Prediction of Protein Structures and the Principles of Protein Conformation. New York: Plenum. pp. 599-623. ISBN 978-0-306- ... Alanine (symbol Ala or A), or α-alanine, is an α-amino acid that is used in the biosynthesis of proteins. It contains an amine ... It is a catabolic pathway, and relies upon protein breakdown in the muscle tissue. Whether and to what extent it occurs in non- ... In this model the selection of monomers (i.e. amino acids) for ribosomal protein synthesis is rather limited to those Alanine ...
β-Sheets predominate as the secondary level of protein conformation.[citation needed] The structure of trans-sialidase includes ... There are two major proteins on the surface of influenza virus particles. One is the lectin haemagglutinin protein with three ... The first step involves the distortion of the α-sialoside from a 2C5 chair conformation (the lowest-energy form in solution) to ... Protein pages needing a picture, Genes on human chromosome 6, Genes on human chromosome 2, Genes on human chromosome 11, ...
Sibanda, B.L.; Blundell, T.L.; Thorton, J.M. (1985). "Conformations of Beta-Hairpins in Protein Structures". Nature(London) 316 ... To see this clearly, the Pin1 Domain protein is shown to the left as an example. Proteins that are β-sheet rich, also called WW ... function by adhering to proline-rich and/or phosphorylated peptides to mediate protein-protein interactions. The "WW" refers to ... have used protein NMR to show that beta-hairpins can be formed from isolated short peptides in aqueous solution, suggesting ...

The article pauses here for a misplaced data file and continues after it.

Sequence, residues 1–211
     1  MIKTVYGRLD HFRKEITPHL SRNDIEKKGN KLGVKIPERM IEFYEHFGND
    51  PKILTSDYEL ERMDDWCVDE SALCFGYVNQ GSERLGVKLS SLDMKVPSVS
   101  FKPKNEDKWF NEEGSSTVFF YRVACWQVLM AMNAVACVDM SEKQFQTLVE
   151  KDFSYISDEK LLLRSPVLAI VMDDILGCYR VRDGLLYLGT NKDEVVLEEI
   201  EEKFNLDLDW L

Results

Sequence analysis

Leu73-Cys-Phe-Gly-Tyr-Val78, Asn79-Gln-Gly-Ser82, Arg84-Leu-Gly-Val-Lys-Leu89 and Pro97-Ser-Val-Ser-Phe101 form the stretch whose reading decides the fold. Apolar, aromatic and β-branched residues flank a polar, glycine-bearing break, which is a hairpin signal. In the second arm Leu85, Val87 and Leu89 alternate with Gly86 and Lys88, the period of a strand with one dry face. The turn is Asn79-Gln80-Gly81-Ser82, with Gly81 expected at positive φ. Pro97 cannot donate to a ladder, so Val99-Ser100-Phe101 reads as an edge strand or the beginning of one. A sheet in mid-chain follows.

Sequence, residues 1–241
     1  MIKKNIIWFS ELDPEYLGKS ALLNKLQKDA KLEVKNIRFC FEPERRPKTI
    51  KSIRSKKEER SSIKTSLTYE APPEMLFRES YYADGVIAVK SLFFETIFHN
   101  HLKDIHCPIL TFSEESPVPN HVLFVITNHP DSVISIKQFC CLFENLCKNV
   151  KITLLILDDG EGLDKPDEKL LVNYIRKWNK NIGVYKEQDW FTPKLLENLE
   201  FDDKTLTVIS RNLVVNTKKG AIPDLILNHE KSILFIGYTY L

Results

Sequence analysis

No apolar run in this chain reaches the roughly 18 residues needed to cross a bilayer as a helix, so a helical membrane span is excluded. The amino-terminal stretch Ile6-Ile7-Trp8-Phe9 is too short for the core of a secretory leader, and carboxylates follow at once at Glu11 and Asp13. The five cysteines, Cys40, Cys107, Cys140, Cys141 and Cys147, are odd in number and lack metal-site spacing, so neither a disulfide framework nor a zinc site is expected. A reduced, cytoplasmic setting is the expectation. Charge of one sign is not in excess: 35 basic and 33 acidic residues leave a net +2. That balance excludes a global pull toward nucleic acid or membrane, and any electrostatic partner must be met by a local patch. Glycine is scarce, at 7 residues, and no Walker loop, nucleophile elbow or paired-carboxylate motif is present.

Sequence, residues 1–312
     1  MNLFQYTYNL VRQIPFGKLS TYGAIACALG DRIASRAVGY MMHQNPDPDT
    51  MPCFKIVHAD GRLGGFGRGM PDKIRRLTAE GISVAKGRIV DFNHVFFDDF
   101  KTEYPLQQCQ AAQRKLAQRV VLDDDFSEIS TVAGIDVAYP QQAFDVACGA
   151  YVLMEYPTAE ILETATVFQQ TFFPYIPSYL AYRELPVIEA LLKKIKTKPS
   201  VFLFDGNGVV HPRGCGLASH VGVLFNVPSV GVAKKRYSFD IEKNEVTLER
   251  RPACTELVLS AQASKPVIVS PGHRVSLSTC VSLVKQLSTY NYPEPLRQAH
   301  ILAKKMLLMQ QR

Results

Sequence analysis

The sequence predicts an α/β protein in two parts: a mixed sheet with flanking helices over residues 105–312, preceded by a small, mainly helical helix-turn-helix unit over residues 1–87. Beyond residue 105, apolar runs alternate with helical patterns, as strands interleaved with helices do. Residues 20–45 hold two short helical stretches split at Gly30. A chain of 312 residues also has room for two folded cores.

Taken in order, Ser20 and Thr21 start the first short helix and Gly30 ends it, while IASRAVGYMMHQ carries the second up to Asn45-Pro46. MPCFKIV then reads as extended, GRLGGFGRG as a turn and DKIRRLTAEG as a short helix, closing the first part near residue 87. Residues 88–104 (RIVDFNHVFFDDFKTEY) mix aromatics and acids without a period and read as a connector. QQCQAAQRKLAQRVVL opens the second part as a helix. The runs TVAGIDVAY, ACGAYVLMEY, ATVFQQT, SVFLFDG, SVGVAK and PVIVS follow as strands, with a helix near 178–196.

All species are found to have a restricting influence on the conformation of a peptide bond. Nonplanar deformations of the ... various hydrogen bonding species that are similar to those typically found in the environment of a peptide within a protein ... Theoretical Studies of Environmental Effects on Protein Conformation: Flexibility of the Peptide Bond S. Scheiner and C. W. ... Theoretical Studies of Environmental Effects on Protein Conformation. 1. Flexibility of the Peptide Bond ...
Kang HE, Weng CC, Saijo E, Saylor V, Bian J, Kim S, et al. Characterization of conformation-dependent prion protein epitopes. J ... Telling GC, Parchi P, DeArmond SJ, Cortelli P, Montagna P, Gabizon R, et al. Evidence for the conformation of the pathologic ... Angers RC, Kang HE, Napier D, Browning S, Seward T, Mathiason C, et al. Prion strain mutation determined by prion protein ... Peretz D, Williamson RA, Legname G, Matsunaga Y, Vergara J, Burton DR, et al. A change in the conformation of prions ...
Cooperative Unfolding of Compact Conformations of the Intrinsically Disordered Protein Osteopontin ... Cooperative Unfolding of Compact Conformations of the Intrinsically Disordered Protein Osteopontin Kurzbach, D., Platzer, G., ... Cooperative Unfolding of Compact Conformations of the Intrinsically Disordered Protein Osteopontin. Biochemistry, 52(31), 5167- ...
human Neurotensin Receptor 1 (hNTSR1) - Gi1 Protein Complex in canonical conformation (C state). Help ...
Protein Binding * Protein Conformation * Protein Interaction Domains and Motifs Substances * DNA-Binding Proteins ...
The TRIP13 gene provides instructions for making a protein that has several roles in cell division. Learn about this gene and ... TRIP13 is a protein-remodeling AAA+ ATPase that catalyzes MAD2 conformation switching. Elife. 2015 Apr 28;4:e07367. doi: ... As a result, cells lack TRIP13 protein. A shortage of this protein impairs the spindle assembly checkpoint, and cell division ... The TRIP13 gene provides instructions for making a protein that has several roles in cell division. One important role is to ...